When Willie Sutton was asked why he robbed banks, he said because that’s where the money is.
What banks were in the 1930’s, enterprise IT is in the 21st century.
via Hacker News
In our ongoing theme around the challenges of enterprise tech (to put it mildly), we found this classic thread from Hacker News from a few years back. Guess what? Nothing much as changed.
At Enhatch, we are doing our very best to rethink the way business apps get created and deployed to users. For one, we believe most needs in the enterprise could easily be handled by elegantly crafted apps that are available on mobile devices. That is where employees are spending more and more of their day doing work and the device they are most comfortable with. But more importantly, why are we not giving business users the ability to create their own apps and their own processes that conform to the way they work? Maybe users, and not IT department or outside consultants, know best as to what they want and when they need it and how to get it done.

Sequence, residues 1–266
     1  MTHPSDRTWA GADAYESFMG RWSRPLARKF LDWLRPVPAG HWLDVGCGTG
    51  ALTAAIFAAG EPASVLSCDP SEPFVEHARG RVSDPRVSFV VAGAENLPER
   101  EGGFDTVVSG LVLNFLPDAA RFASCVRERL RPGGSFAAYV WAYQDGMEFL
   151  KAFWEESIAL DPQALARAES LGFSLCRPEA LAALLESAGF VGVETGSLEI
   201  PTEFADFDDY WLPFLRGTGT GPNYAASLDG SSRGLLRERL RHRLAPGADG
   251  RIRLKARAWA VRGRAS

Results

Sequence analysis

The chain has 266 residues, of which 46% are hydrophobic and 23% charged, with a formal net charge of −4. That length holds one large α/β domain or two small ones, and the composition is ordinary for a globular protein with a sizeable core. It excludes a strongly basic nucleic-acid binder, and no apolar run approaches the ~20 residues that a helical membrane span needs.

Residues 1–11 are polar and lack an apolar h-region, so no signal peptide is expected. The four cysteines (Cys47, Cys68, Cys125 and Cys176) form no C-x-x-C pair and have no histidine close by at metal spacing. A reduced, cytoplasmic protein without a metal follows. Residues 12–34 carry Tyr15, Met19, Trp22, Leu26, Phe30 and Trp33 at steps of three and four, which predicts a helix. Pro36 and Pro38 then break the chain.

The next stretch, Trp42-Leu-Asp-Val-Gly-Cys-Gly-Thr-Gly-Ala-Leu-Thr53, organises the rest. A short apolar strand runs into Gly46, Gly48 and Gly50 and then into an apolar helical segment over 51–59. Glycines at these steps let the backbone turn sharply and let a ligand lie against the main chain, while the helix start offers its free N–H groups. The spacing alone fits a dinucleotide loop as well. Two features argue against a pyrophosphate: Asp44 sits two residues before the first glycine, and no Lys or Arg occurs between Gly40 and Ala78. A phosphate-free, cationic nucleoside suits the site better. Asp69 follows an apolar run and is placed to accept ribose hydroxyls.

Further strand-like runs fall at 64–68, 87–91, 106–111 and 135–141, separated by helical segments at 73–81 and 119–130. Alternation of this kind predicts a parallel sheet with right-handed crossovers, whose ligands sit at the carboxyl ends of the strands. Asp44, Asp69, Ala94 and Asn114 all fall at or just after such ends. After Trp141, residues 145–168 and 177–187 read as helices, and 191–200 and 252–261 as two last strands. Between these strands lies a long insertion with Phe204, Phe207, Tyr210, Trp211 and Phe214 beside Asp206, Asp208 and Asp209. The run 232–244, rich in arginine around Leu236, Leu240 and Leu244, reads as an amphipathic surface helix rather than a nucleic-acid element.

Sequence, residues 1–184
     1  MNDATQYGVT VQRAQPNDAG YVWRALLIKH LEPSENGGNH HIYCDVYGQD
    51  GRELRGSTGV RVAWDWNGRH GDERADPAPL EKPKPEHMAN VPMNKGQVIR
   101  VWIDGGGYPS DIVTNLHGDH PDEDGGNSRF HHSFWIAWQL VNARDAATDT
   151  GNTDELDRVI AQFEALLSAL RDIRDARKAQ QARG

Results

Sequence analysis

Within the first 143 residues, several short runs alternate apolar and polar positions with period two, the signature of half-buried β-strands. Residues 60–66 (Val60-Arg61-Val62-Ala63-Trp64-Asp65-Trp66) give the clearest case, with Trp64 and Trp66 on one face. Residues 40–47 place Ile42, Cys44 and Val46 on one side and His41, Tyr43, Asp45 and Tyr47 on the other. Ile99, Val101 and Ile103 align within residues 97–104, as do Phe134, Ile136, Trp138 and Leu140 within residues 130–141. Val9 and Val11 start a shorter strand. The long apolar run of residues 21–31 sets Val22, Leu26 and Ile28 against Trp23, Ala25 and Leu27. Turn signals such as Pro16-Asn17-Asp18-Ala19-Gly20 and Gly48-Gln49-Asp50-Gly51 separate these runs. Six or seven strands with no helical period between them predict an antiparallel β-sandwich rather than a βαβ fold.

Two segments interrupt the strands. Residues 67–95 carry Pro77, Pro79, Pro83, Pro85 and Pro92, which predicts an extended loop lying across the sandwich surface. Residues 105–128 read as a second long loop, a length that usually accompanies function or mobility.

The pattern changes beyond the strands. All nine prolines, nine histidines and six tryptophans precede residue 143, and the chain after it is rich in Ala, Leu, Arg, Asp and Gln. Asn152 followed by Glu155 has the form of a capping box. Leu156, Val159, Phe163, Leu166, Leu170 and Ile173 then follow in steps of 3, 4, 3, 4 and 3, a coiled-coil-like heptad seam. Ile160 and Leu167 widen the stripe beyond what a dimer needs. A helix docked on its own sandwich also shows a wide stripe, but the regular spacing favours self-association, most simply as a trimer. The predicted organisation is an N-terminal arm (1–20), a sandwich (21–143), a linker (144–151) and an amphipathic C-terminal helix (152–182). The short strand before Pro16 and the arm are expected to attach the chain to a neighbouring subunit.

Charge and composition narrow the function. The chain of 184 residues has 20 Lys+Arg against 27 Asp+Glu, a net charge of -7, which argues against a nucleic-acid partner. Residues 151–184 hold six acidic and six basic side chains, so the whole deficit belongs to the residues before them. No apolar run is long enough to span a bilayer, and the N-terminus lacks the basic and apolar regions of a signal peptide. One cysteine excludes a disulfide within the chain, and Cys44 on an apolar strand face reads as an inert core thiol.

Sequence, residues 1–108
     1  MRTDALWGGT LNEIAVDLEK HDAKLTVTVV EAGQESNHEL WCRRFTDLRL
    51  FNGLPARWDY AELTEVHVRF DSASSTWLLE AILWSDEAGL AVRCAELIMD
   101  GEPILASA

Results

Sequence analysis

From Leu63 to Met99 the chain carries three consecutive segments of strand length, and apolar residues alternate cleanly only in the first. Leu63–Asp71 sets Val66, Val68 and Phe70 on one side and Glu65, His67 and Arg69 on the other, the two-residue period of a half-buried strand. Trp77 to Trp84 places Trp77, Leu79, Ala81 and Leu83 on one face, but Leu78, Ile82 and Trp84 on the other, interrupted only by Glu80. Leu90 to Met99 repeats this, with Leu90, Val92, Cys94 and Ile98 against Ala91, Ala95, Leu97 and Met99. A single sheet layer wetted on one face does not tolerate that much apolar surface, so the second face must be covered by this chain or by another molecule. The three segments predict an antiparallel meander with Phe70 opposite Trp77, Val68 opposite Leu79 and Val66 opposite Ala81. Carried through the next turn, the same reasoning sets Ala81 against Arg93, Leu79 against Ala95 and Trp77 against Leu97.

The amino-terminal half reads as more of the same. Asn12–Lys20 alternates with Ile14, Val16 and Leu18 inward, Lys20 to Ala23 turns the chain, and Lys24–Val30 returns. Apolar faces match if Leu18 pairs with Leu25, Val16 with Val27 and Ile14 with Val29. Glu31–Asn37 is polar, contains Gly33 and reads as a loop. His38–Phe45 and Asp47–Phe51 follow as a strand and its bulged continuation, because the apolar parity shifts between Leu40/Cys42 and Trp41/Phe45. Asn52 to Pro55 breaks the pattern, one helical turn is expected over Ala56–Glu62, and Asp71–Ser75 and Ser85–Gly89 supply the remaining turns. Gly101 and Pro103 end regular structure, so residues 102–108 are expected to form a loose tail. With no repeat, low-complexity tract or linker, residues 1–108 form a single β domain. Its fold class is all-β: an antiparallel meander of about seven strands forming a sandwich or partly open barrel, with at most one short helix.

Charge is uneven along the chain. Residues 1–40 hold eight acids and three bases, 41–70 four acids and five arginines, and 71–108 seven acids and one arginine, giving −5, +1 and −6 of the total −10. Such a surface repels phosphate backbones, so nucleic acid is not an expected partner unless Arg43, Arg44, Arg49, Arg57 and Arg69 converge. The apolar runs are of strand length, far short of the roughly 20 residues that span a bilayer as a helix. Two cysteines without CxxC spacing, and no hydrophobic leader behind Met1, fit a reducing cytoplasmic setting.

It is time we rob the enterprise IT vendors and raid the armies of the systems integrators, and like Robin Hood bring joy, riches, and freedom to the users from the tyranny of bad technology.
Absolutely right. Enterprise software is terrible and years behind what consumers use. Some of it is embarrassingly bad, eg every corporate travel site.
There are two ways to deal with this. One, software companies could focus on enterprise. Two, enterprise companies could embrace what is out there for consumers.
I’d bet on the latter.
One of the biggest problems with stopping city bike theft is that cities don’t even understand the extent of the problem. Police departments often consider the incidents a low priority and fail to pursue thieves, which in turn…
The question one needs to ask: who buys these stolen bikes? If there wasn’t a market then there would be no value in stealing them. How much focus is there on the end game?